So, by downloading the results of API calls, you build up a store of data that you can then aggregate and analyse, again in Excel. With a canny combination of download managers, batch files and macros, you can do this all with just a couple of keystrokes.

The difference here is in quantity and types of data and therefore insight: you can accrue literally thousands of data points detailing who said what, and when, and you can start understanding who your influencers are, and what your issues might be – plus those of the competition and therefore the industry at large. At this point you really do start understanding the landscape.

If you have a smattering of statistical knowledge you can also start charting the ebb and flow of debate. Moving averages show the underlying trends. Crossovers of moving averages are highly significant. And so on.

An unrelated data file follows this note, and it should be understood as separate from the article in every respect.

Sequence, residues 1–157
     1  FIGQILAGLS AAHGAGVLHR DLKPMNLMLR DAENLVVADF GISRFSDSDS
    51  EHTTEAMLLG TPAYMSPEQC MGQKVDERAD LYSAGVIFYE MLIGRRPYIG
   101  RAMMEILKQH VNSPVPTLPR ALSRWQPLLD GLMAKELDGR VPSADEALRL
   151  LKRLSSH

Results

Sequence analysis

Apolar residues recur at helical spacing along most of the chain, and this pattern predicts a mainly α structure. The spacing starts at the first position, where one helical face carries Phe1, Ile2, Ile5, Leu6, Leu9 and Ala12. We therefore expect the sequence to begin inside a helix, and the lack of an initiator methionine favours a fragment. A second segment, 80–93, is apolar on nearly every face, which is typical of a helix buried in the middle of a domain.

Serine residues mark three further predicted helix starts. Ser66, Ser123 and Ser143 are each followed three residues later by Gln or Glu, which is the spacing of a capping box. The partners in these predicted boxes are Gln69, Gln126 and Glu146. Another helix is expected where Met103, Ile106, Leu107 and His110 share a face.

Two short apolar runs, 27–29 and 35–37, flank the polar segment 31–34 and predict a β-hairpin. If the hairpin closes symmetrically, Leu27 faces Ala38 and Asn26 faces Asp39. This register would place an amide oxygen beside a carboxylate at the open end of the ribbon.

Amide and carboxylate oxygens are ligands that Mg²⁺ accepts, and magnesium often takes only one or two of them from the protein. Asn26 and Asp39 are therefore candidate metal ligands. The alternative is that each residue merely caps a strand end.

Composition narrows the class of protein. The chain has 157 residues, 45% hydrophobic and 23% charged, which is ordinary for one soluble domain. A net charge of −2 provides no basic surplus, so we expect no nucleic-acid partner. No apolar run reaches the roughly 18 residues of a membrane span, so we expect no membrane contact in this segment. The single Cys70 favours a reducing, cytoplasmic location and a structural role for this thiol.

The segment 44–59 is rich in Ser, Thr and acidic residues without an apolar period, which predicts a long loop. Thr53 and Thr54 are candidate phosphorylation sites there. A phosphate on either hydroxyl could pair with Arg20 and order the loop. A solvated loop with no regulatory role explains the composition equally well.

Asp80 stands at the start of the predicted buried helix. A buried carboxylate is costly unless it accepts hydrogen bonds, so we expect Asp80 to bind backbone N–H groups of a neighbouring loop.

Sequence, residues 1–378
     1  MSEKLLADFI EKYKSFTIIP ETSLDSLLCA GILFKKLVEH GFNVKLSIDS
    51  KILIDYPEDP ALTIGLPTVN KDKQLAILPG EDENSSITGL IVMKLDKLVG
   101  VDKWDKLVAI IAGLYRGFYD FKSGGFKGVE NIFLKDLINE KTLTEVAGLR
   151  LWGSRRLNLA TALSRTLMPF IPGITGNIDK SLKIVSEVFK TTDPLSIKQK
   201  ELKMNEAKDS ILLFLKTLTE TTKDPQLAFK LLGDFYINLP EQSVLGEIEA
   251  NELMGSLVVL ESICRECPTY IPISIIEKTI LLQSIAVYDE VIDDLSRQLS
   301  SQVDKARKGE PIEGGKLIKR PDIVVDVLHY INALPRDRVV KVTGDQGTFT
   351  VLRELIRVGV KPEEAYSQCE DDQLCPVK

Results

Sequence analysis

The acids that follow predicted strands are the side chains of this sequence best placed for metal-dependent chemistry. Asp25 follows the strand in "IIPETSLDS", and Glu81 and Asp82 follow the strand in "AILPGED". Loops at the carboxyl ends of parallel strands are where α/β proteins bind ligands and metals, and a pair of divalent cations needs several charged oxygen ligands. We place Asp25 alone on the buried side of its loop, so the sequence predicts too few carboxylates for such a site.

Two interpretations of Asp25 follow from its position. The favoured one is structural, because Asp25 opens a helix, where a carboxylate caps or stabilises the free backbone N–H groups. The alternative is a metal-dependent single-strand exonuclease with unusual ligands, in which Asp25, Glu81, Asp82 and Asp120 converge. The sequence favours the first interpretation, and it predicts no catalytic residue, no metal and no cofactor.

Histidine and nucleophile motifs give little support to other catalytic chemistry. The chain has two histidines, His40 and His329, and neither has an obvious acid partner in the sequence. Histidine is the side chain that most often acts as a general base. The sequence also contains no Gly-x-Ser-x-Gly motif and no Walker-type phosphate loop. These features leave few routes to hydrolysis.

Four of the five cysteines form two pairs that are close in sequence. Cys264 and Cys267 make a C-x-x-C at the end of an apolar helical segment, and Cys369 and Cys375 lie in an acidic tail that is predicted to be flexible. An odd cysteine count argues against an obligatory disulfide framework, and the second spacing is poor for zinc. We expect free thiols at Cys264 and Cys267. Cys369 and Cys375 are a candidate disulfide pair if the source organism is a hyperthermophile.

Fully automated: bring in the Big Guns

If fully manual requires investment in time and semi automated needs investment in expertise, then fully automated is the money play. Here, we’re talking systems such as BrandWatch andSentiment Metrics who have millions of sites categorised, crunching huge amounts of data using dedicated server farms. It’s the rocket science approach and while this is mostly the domain of large companies that provide consumer services such as telecoms companies, there’s also a strong argument to be made that smaller agencies can use them profitably by sharing the cost across several accounts.

Hands, APIs, BFGs: Which one’s right for you?

If you’re not storing and analysing any data currently, then you need to start, right now.

At the very least start recording reach and engagement, ideally alongside competitors. It’s a useful exercise as of itself because you really start to understand cause and effect, and get to grips with the concepts.